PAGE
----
I’m often surprised how many smart people I encounter who think of science as some kind of beauty-destroying machine. This is a particularly common reaction to the attempts of neuroscientists and cognitive psychologists to understand how people relate to art. I appreciate the need for different ways of talking about things, particularly when it comes to things as slippery as aesthetic responses, but there’s an anti-intellectualism I can’t abide in the idea that coming up with an explanation for something diminishes it. There is no reason why our more subjective ways of thinking can’t stand alongside scientific theories, although perhaps science might prod us to adjust them a bit so that they’re less likely to lead us to bad decisions. If science finds a way to reduce spiritual feelings to the workings of our brain, that doesn’t invalidate them or drain them of their power. If anything, it validates them by providing evidence for their consistency with the way of looking at the world that’s proven most practically successful for us.
In that last statement I have tacitly given science a privileged position over other forms of knowledge. I will not recant on this point, but I stop short of imputing that spirituality needs the validation of science. That, I admit, gets us into worrisome territory. I do suspect that some people who claim they’ve had a spiritual experience are kidding themselves, but there is a major ethical problem in calling someone else’s claim to have had such an experience bullshit, even if we’ve got MRI scans to back us up. If someone says they’re experiencing a vision and our cognitive models of spirituality say otherwise, that means that either their claims are false or our models are flawed, and there’s no clear way to decide this. The scientific standard of truth and those proper to spirituality need not overlap, and an attempt to use a scientific model to debunk something that was developed to sufficiently different ends can be backed up by nothing other than power.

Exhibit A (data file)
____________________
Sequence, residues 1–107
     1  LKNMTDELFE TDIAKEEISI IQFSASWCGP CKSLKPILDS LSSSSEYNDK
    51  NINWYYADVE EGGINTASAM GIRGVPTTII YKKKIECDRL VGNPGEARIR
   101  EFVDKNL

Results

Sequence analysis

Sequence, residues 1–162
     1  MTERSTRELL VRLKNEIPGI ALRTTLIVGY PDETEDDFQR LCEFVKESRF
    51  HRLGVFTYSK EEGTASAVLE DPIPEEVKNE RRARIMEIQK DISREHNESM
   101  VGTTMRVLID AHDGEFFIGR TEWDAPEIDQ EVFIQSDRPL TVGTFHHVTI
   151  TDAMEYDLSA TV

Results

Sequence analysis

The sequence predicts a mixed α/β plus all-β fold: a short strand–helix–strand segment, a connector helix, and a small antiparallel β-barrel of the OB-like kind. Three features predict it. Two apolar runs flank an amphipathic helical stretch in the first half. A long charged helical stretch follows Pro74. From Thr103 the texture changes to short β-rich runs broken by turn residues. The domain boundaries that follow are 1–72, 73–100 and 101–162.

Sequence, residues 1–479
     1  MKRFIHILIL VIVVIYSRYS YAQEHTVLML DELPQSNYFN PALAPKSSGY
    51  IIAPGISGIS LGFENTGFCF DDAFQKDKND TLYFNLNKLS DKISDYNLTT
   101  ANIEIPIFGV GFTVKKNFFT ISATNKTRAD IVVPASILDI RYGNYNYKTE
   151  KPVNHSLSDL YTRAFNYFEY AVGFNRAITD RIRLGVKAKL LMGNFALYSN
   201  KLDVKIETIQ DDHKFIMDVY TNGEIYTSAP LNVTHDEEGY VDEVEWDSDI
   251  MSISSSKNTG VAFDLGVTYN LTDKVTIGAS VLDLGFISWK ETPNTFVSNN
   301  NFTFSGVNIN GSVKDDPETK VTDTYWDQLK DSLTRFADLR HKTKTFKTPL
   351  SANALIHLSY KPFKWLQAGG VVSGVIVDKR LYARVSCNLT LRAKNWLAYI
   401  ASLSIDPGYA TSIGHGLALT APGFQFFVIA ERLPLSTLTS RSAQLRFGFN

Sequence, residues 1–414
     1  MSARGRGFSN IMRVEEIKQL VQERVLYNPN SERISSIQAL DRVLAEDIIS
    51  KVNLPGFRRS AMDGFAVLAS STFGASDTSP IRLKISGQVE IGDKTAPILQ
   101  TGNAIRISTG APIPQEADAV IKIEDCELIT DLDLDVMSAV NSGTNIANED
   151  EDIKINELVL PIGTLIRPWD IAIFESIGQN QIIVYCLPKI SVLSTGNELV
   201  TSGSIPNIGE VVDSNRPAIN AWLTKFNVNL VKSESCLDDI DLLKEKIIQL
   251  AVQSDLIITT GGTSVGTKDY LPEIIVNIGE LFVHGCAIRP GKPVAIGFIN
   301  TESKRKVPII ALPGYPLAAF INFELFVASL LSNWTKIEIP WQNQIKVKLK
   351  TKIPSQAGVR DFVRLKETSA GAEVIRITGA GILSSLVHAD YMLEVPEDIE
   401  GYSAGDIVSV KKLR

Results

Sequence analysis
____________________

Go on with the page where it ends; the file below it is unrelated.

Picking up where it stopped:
That is, I suppose, the standard postmodern criticism of science. But using theoretical models in the way I’ve described is not doing science. Despite the popular image to the contrary, the driving purpose of science is not to debunk. It is to explain. Debunking only comes into play when the ideas in question contradict the best scientific models with respect to predictions that can be objectively tested; in that case and only in that case is it in science’s province to investigate who’s right. Homeopathic medicine is something that’s ripe for refutation, and that’s good, because it causes objective harm. Sudden irruptions of spiritual knowledge are generally not something that science could coherently debunk, and that’s great, because that sort of experience has resulted in some of the most astounding poetry humans have produced.
It’s because of this that I don’t think scientific investigation is anathema to art, even if we direct it towards art – even, further, if we direct it towards our apprehension of those spiritual sorts of truths that science can’t make heads or tails of. If we approach the phenomenon of spiritual knowledge empirically, which I think we might as well, we cannot rightly treat that spiritual knowledge as a rival theory to science; instead, we must treat it as something to be explained. The fact that it has to do with truth of another sort doesn’t mean that science can’t deal with it in that way, and the fact that science might be able to fully explain it doesn’t mean that it can’t still serve as an explanation in its own right.